“Everything has beauty, but not everyone sees it.” -Confucius
Compiling my notes for this blog has led me to the following conclusion: I am always distracted! Since I moved to Austin I have made it a weekly habit to go for a jog around Town Lake. During these jogs, I am either listening to music, scrolling through my phone, or thinking about what I have to do later that day. I never even paid attention to the sights and sounds around me. When I was thinking about a place in nature that I would like to observe for this blog, Town Lake never even came to mind. I didn’t think there was anything interesting enough to talk about. I had only ever paid attention to the track. This past week while I was jogging something special happened. It was a beautiful Monday afternoon around 3pm. It had warmed up to about 70 degrees, but there was still a nice breeze; perfect running weather. I stopped to catch my breath after about a mile and noticed a sitting area to my left. Normally I would avoid the areas with benches because they were usually so crowded, but the track was practically empty today. I sat down at the bench and realized that I had just entered a thriving secluded ecosystem inside a metropolitan park.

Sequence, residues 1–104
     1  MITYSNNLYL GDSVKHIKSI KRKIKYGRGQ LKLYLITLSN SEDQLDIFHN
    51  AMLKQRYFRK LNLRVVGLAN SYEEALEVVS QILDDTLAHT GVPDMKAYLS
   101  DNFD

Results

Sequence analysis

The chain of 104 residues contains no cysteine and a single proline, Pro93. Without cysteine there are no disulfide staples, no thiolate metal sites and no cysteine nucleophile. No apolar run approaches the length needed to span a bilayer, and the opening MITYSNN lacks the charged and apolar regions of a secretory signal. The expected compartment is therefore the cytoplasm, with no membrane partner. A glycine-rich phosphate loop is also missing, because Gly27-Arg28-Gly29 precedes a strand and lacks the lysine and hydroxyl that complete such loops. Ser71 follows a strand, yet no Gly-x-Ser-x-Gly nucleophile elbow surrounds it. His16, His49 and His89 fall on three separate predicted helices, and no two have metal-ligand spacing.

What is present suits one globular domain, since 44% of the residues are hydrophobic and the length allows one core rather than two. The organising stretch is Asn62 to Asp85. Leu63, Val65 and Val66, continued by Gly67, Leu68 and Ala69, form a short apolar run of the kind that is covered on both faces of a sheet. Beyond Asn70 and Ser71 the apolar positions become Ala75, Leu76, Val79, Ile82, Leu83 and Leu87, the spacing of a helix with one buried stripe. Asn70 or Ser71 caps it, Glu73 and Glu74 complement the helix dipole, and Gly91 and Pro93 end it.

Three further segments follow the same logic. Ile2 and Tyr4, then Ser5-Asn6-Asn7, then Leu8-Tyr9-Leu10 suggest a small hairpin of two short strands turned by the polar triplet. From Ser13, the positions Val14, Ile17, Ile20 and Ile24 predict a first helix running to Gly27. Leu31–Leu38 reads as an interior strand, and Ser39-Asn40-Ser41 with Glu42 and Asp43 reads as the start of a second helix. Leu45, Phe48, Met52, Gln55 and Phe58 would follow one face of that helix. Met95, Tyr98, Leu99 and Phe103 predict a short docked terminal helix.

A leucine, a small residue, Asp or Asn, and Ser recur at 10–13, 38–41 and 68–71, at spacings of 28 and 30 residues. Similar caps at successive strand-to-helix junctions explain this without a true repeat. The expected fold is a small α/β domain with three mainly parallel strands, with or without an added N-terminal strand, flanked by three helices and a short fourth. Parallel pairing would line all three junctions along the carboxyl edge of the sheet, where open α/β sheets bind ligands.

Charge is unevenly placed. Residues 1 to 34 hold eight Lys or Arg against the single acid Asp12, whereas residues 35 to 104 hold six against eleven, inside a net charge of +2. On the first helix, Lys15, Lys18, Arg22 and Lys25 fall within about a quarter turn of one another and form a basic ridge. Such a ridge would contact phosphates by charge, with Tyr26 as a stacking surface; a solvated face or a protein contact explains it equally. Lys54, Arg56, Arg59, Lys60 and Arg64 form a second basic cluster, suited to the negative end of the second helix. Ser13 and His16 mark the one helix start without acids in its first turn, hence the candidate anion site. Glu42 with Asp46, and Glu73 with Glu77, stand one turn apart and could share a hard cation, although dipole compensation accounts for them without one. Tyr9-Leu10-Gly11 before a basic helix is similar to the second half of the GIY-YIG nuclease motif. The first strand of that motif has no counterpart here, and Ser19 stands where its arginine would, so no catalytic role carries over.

Aldo Leopold says “parks are made to bring the music to the many, but by the time many are attuned to hear it there is little left but noise.” I can relate to this quote in the sense that I never even noticed the beauty of this park because it has become such a human attraction. I had never really observed the trees on the track, but they were quite intriguing. The trees that surrounded this area took me into a whole different atmosphere. The large, thick roots rose above the ground and spiraled around each other. They could have definitely been a safety hazard if I wasn’t watching my steps.
The crisp tree branches were all tangled into a giant dark cluster that looked like it belonged in a horror film. There were also some charcoaled leaves sprouting out of the small plants on the ground.
Some of the leaves had little pieces of dead fruit attached. It will be interesting to see how these leaves change as the months go by. I was so taken aback by the trees and the plants that I didn’t even notice the swarm of mallards coming towards me. Even though the plants were dead, the creatures that inhabited this area were full of life. In no time, I was surrounding by 20 mallards waiting at the edge of the lake and I immediately felt bad that I didn’t bring any food. Judging by their desperation, it became apparent to me that most of their food comes from pedestrians that throw them bread or other treats. The mallards were not the only birds that approached me. This park was full of courageous birds looking for a snack.
Luckily Town Lake had a glossary of all the birds in the area, so I was able to identify some of the braver ones.
I hope that as I continue to come to this park I will be able to see every Town Lake bird.